As a descendant of three of the Celtic nations (Eire, Alba, and Cymru), in 2005 I began research with the help of Dr. Rudolph Ryser, director of the Center for World Indigenous Studies’ Fourth World Institute. In my opinion, the geopolitics of the Fourth World (stateless nations) — used as a lens for viewing the current economic, cultural, and social conflicts enveloping the globe — might aid those struggling to cope with the present breakdown and collapse of states as functional institutional forms.
Viewed from the historical context of evolving relations between nations and states, I believe it becomes possible to better understand how to create more stable political structures. Given that all modern states are less than five hundred years old, while nations are thousands — and in a few instances tens of thousands — of years old, they endure as Dr. Richard Griggs of the University of Capetown puts it in The Breakdown of States, “beneath the boundaries of states like bedrock as ephemeral state boundaries shift like wind-blown sand over the surface.”
All of this relates, of course, to the corruption and destruction that so dishearten many-especially the young. As Dr. Ryser wrote in Toward the Coexistence of Nations and States,
The state system is an experiment of human problem-solving; Nations are natural human organisms which persist…Where states fail to serve the needs of human society, they should be allowed to disassemble in a planned process which permits the nations within to systematically reassume their governing responsibilities…In reality, the nation stands as the foundation of human organization essential for human survival…They persist because nations satisfy human spiritual, social, economic, and political (cultural) needs.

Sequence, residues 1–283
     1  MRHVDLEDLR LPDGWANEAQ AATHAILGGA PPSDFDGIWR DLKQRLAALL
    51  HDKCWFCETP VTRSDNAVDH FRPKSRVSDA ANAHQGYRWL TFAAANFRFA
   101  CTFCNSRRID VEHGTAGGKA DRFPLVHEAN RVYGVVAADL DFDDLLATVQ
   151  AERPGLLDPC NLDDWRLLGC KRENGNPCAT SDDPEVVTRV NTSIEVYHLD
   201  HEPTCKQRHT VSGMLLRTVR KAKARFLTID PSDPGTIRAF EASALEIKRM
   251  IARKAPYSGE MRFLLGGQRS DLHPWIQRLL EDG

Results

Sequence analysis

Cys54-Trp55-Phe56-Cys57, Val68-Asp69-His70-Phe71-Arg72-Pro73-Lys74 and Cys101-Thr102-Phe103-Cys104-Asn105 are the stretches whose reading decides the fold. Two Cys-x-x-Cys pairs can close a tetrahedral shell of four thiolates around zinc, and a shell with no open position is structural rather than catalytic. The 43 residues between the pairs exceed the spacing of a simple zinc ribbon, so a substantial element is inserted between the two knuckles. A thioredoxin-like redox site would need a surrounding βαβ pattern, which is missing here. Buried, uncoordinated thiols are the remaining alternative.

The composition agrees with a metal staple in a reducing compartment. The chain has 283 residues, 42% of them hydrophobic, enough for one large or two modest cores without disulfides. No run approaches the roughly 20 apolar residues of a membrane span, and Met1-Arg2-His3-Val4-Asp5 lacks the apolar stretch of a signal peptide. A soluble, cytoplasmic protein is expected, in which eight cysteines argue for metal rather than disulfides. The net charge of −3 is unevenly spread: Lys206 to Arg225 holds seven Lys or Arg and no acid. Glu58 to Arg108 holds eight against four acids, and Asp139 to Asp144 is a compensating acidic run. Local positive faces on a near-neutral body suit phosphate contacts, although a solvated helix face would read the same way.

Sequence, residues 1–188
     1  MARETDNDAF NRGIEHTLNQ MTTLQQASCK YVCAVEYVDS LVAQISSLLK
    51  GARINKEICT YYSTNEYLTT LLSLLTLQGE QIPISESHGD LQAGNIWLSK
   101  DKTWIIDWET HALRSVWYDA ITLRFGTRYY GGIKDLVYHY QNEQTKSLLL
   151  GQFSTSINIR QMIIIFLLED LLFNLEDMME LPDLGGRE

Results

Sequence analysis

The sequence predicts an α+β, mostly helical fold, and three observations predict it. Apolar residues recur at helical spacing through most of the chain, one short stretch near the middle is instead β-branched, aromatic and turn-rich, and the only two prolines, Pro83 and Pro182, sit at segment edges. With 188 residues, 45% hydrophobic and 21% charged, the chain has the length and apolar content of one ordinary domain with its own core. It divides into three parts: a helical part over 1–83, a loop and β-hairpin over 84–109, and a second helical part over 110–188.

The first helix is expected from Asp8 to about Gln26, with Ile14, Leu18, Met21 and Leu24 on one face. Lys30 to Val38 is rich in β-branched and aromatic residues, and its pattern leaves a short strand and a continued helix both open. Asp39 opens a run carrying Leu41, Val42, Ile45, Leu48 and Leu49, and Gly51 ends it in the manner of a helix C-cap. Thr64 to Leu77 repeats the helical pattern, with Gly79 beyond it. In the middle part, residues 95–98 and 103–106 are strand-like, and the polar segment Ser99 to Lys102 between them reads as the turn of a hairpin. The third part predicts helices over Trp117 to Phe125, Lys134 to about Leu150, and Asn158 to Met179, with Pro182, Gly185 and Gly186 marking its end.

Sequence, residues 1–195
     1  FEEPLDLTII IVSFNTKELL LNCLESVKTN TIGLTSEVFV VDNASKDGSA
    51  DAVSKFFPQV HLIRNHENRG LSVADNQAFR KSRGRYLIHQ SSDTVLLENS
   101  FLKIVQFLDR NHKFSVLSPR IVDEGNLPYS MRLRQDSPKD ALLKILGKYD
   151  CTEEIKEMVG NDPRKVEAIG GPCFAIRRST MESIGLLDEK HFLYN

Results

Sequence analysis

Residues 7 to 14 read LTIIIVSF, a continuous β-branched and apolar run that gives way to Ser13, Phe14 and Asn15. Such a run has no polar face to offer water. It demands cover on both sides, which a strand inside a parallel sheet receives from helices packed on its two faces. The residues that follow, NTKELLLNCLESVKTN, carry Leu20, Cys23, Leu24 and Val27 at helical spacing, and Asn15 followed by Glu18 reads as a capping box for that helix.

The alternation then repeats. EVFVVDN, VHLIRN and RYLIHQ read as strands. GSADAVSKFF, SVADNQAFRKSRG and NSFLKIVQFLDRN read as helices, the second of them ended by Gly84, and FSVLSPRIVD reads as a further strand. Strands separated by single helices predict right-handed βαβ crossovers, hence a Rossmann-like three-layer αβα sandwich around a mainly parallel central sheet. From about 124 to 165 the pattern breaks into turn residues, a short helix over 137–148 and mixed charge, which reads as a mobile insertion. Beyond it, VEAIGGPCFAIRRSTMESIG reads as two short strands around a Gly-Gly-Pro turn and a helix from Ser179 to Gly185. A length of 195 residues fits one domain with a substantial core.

While the current process of creating new transitional structures gives me hope, it is not without reservation, but cautious optimism is a much more healthy attitude than the cynicism and hopelessness that presently pervades our society. The new era of nations and states we are entering is full of possibilities to build a democratized international community. For those charged with the task of training our future leaders, it is of the highest order that they inject their students’ discussions with the knowledge and hope of these self-determination movements underway.
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